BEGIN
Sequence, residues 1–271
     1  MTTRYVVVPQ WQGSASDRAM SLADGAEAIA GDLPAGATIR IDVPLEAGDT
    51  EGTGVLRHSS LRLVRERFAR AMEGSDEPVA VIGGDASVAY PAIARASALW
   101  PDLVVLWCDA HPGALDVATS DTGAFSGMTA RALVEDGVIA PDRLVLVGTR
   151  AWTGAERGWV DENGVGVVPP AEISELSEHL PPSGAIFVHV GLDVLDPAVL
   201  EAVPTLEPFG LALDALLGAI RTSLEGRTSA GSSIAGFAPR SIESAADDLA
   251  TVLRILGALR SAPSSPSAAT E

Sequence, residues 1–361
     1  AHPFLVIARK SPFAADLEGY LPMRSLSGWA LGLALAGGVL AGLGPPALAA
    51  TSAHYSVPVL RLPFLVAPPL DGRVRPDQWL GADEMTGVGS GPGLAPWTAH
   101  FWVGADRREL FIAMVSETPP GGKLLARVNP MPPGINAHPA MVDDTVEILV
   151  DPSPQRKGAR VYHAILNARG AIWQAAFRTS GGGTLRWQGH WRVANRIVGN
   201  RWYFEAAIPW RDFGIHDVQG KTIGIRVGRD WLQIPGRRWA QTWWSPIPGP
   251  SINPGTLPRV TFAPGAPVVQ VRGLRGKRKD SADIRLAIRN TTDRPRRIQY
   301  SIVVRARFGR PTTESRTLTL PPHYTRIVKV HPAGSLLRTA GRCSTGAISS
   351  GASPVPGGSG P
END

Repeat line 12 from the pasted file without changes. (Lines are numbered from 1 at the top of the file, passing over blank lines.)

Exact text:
   151  DPSPQRKGAR VYHAILNARG AIWQAAFRTS GGGTLRWQGH WRVANRIVGN